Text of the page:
Cindy Agustin is trying to get a bus-load of tired Chicago-area students, friends, and parents to share what made them decide to march. “Come on, guys,” says the University of Chicago fourth-year trip organizer, upbeat and timid as a substitute teacher enforcing a mandatory show-and-tell, “everyone will have to go at some point.” Before long, Monica steps up to the front of the bus and takes the mic. After Monica comes Veronica, and about twenty people later comes JesÃºs, who says simply, “Hello, my name is JesÃºs, and God knows we need immigration reform.”
The journey that has drawn the fifty of us together is the March 21st rally for comprehensive immigration reform in Washington D.C., meant to demonstrate to President Obama the importance of this issue. The trip has been organized by the University of Chicago chapter of Chicago Students for Immigration Reform, but the group’s link with the Illinois Coalition for Immigrant and Refugee Rights allowed community members, as well as students from other Chicago area colleges, to complete our contingent. Now it is late, everyone is tired, and most of us are sleeping in our seats. But you don’t ride fourteen hours on a bus without a damn good reason.
Most people I know wouldn’t think it acceptable that one marcher’s best friend could not apply to college, despite being in the top ten of his high school class. Or that some people in this country walk with a hundred dollars stuffed in their shoes in case an Immigration and Naturalization Services representative picks them up in LA and dumps them across the border, many leaving behind children who were born and raised in the United States. But whether or not the average American thinks this is all right, most don’t go on marches. To step, one foot in front of the other, seems natural enough. But now, as we stumble sleepily off the bus and onto Pennsylvania Avenue, we are prepared to do more than walk. Not for the first time I am left wondering: what do we do when we march, and what, if anything, does it accomplish?
Marching means more than movement; it means defiance. It means treading a strange gray zone that is both scary and liberating. Not only are you separating yourself from the larger group; you are asking for something more than what everyone else seems to think is just fine.
Of course, you don’t always have to ride fourteen hours to exercise your right to mobile dissent. There have been occasions when I have joined in marches passing by on the street just because I agreed with the cause. There was just something that felt so irresistibly simple and American about it; I felt that I had accomplished something simply by joining with others to agree that something needs to be accomplished.
Other marches are more party than protest. In Boston’s hugely attended Walk For Hunger, I toured the city on a clearly demarcated path while local groups showered free gifts and cheer upon us. They called us fighters, courageous defenders–when really we were just fundraisers. There was no opponent to our point of view. Policemen were present, but merely so that they could guide us across the streets, and keep us within our given track like the bouncers on the walls of a self-righteous bumper car rink.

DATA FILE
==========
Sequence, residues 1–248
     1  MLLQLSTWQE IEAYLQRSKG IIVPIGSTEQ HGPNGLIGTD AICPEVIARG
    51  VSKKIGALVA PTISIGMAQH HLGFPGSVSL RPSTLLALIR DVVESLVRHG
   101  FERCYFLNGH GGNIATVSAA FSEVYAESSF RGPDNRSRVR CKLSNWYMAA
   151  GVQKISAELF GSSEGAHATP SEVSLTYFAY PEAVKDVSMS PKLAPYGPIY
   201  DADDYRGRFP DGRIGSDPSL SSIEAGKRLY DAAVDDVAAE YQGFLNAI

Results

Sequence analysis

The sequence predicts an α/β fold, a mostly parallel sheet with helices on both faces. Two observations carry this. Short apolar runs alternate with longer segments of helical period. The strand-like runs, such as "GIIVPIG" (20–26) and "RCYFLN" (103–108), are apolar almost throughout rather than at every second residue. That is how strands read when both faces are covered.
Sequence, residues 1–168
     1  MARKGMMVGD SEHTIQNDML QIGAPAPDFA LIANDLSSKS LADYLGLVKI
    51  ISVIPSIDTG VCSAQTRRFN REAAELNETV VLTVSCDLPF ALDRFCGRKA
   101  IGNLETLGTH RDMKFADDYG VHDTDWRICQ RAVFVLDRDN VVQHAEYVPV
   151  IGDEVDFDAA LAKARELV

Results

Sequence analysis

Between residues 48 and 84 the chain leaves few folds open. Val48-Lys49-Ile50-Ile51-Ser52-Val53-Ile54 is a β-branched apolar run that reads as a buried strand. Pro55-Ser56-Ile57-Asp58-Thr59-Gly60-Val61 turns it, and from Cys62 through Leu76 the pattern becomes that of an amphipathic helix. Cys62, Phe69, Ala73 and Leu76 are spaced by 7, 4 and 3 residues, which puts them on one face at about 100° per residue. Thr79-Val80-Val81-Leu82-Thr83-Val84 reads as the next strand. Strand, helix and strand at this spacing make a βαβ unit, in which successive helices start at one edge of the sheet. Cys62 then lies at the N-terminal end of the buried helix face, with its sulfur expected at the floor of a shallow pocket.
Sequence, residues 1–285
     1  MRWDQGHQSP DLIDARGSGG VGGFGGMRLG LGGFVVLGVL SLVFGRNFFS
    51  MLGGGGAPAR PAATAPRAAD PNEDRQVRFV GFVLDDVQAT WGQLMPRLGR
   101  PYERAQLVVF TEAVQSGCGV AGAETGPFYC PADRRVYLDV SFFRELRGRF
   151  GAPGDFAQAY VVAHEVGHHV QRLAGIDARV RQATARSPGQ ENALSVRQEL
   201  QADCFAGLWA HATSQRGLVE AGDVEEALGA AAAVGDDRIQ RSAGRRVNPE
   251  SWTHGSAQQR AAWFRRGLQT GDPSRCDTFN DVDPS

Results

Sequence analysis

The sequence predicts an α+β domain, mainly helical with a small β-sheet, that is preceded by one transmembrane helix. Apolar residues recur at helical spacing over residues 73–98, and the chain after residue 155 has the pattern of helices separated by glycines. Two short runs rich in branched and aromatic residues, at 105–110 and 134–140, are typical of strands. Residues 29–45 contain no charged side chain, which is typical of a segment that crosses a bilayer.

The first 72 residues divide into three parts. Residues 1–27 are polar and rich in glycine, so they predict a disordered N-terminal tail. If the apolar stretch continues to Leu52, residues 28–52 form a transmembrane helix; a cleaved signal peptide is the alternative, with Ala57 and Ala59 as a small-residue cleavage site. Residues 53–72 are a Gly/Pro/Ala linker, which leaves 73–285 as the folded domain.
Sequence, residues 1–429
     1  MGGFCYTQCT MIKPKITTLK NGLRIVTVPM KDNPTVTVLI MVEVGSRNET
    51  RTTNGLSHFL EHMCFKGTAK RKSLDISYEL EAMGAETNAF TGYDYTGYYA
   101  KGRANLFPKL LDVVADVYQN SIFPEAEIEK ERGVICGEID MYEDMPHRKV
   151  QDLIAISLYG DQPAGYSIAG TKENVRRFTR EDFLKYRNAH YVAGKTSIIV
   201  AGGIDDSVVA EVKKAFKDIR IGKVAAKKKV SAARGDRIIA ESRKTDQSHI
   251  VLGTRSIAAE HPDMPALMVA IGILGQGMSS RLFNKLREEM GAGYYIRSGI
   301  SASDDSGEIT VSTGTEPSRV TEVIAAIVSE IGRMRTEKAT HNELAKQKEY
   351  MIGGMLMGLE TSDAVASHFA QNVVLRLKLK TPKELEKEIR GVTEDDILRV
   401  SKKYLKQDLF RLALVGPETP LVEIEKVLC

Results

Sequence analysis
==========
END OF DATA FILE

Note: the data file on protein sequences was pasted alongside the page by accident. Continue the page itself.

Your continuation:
But this march is neither convenient nor without its risks. According to the packet one of the group leaders handed me as soon as I entered the bus, “Immigration law is federal. Local police are responsible for enforcing local laws, not immigration laws.” Several pages of the packet detailed how to deal with spontaneous police questioning, and in case we didn’t read the packet, one of the group members summarized these rights to the group before we got off the bus.
This initially led me to believe that the march was going to be about fear. After all the constant threat of deportation in the United States is a scary part of life for undocumented workers. Being “an illegal” means having anxiety embedded into your life, day in and day out, that your family and your world could come apart at any moment. And while the INS makes no visible appearance at today’s protest, the tension they embody reveals itself in little ways; protesters give me their first names only when I take notes on our conversations.
But for the most part, it is the rejection of fear that galvanizes this march. All around me, thousands of people are wearing T-shirts emblazoned with slogans such as “Undocumented and Unafraid” or carrying signs demanding “No More Raids.” Right now, for me at least, “to march” means “to walk without fear.”
That’s an important statement, and right now it feels more urgent than ever. As at many events for immigration reform, “Si, se puede!” is the rallying cry of the moment. But the phrase made famous for what it did to put Obama in office is now being used to punctuate speeches urging him to remember his promises on a platform constructed across the street from the White House.